Cities and towns on the Gulf Coast have long been leaders in sustainable living. So it wasn’t a huge surprise when Sarasota County was selected as North America’s Host Community on the United Nations’ World Environment Day 2014. On Thursday, June 5th, the Keating Marine Education Center at Mote Marine was the venue for a community forum and a call to action for environmentalism. Patricia Beneke, the Director and Regional Representative for the United Nations Environment Programme’s Regional Office for North America opened the forum by talking about how small island developing nations all over the world are affected by climate change, and how actions we perform may have a big effect halfway across the world. The message that we can help struggling nations by being aware of what’s going on in our own backyard opened up the door for a number of local speakers. Barbara Lausche, the Director of the Marine Policy Institute at Mote Marine opened up her program on Sea Level Rise with the somewhat alarming question, “When the low tide becomes the high tide, where will the high tide be?” before encouraging local leadership to use available support tools to identify threats and set planning benchmarks early before sea level rise inexorably changes the geography of the low-lying coastal areas we call home. The next to speak was Sara Kane, the Public Outreach Manager of the Sarasota Bay Estuary Program (SBEP). She talked about the Economic Value of Sarasota bay as determined by a report commissioned by the SBEP. There has been talk in the past about bringing offshore drilling into our area. Kane brought up the point that while that may be profitable in the short run, the risks can far outweigh the rewards. Our pristine waters drive the economy. People want to buy homes near the water and participate in water recreation. An oil spill (or even just the unsightliness of offshore drills) could take a major toll on our water-driven economy which is worth billions and which provides for one out of every seventeen jobs in the state of Florida. In short, a healthy environment creates a healthy economy. Continuing the economic theme was Dr. Jennifer L. Shaver, the Executive Director of the Science and Environment Council of Southwest Florida (SEC) who discussed Building a Collaborative Business Platorm for Sustainable Ecotourism in Southwest Florida. She pointed out that while Sarasota has long been an arts destination, more and more visitors are coming to enjoy the natural beauty of the area. In fact, from 2009 to 2013 people coming to the area specifically to interact with nature increased 32%. Last year visitors spent more on nature visits than they did on culture or sports. The SEC wants to encourage this trend by becoming leaders in the ecotourism movement. They want to bring together small businesses and independent operators including outfitters, transportation, hotels, tour guides and more and create a real resource for visitors that will help out local businesses too. Finishing out the session was Tony Stefan from the Florida Gulf Coast Chapter of the U.S. Green Building Council. His session on Green Building and Green Economy celebrated Sarasota County for its leadership in green building (the county is currently 3rd in the state per capita in LEED-certified buildings) but encouraged us to boost urban sustainability and resilience by reducing car traffic. Additionally, he cautioned us to always think about concurrency: namely, keep in mind that as an area grows it’s important to keep things like school capacity and traffic in mind, but it’s also important to weigh the environmental impact. Over one hundred countries participated in World Environment Day this year. But though the Mote meeting informed us about global challenges, ultimately we learned that the best way to address climate change is by focusing on our immediate environment. By doing so not only will we build a strong local economy, we’ll preserving natural treasures for generations to come.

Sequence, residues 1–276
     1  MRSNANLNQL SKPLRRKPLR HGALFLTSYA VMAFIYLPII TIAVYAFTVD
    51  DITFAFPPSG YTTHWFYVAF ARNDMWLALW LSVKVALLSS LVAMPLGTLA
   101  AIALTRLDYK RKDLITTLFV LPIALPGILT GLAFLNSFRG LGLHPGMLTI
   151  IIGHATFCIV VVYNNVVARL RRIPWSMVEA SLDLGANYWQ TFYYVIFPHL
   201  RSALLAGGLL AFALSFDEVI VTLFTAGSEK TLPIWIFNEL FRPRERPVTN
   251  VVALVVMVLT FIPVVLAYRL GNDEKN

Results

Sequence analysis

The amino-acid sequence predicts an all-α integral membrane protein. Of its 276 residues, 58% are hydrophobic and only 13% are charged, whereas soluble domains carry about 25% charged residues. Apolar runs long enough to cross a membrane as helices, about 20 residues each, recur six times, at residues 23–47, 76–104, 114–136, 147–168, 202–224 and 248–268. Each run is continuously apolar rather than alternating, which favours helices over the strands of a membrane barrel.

Here at The Waterfront Restaurant, we strive to be sustainable when it comes to selecting and preparing all the food that we serve to our customers. But we don’t just celebrate sustainability in the food world: we appreciate all businesses that serve an eco-conscious function, especially when they’re independent and local. In a new monthly series, we’ll be shining a spotlight on some of our favorite businesses who are eco-friendly with a fun twist. And right now, there’s no place we’re having more fun than at Circus City Architectural Salvage. Image Source: Facebook.com/CircusCitySalvage Circus City Architectural Salvage is nestled in Sarasota’s Rosemary district, an area which is known for its eclectic mix of unique businesses. The space has an unassuming façade at first: you can find it in one of the many large, dusty, industrial buildings that line Central Avenue. But once you pull into the parking lot you start to get a glimpse of the charming wares that lurk inside, like large realistic bird sculptures crafted from tin. Once you walk through the glass doors, it’s a bit like stepping into a well-appointed time warp. The shop is filled with vintage goodies: some untouched, some carefully restored, and some cleverly upcycled into something else entirely. But unlike many shops that specialize in previously owned goods, it doesn’t feel cluttered or overpowering. There are plenty of neat treasures just waiting to catch your eye. Image Source: Facebook.com/CircusCitySalvage Circus City runs the gamut when it comes to its offerings. There is gorgeous restored furniture with an artisanal twist just across the aisle from whimsical pink flamingo lawn ornaments crafted out of tin. Old lockers have been painted and spruced up and turned into a funky bookshelf. A box overflows with plastic army figurines from a bygone era. A 1940s sound mixing board with all its original wiring still attached perches near collectible glass jars. An antique vanity has been stripped and repainted in a deep sea foam green shade so that it almost looks like it was pulled from a mermaid’s lair. Every single piece is loaded with history and meaning and a unique beauty. Many of the items have purpose: some are intended to serve more as pieces of art. But what they all have in common is that they have preserved some part of our cultural history. And though the shop seems like it already has plenty of gems to go around, more are on the way. Soon, owner Greg Pemberton will be expanding to carry a whole range of salvaged building materials. Image Source: Facebook.com/CircusCitySalvage New furniture can be great: there’s nothing like buying a couch for the first time that has never been slept on by cats or college friends or touched by the sticky jam hands of a toddler. But buying revamped furniture from places like Circus City is incredibly important to our planet’s future. Purchasing well-made sturdy furniture that is already in existence consumes far fewer resources than buying things new, plus it keeps serviceable (and even sophisticated) pieces from ending up in the landfill just because a previous owner was ready for something new. Image Source: Fred LaCrosse So next time you’re in Sarasota go visit the ringmaster Greg Pemberton at 1001 Central Avenue to see what new finds he has in his collection (note: you won’t find the aforementioned mixing board, because I already bought it). He or one of his talented associates is there Monday through Saturday from 9am to 5pm. You can also visit the Circus City Facebook page, where they constantly post sneak peeks at their latest merchandise. Sustainability has never been so stylish.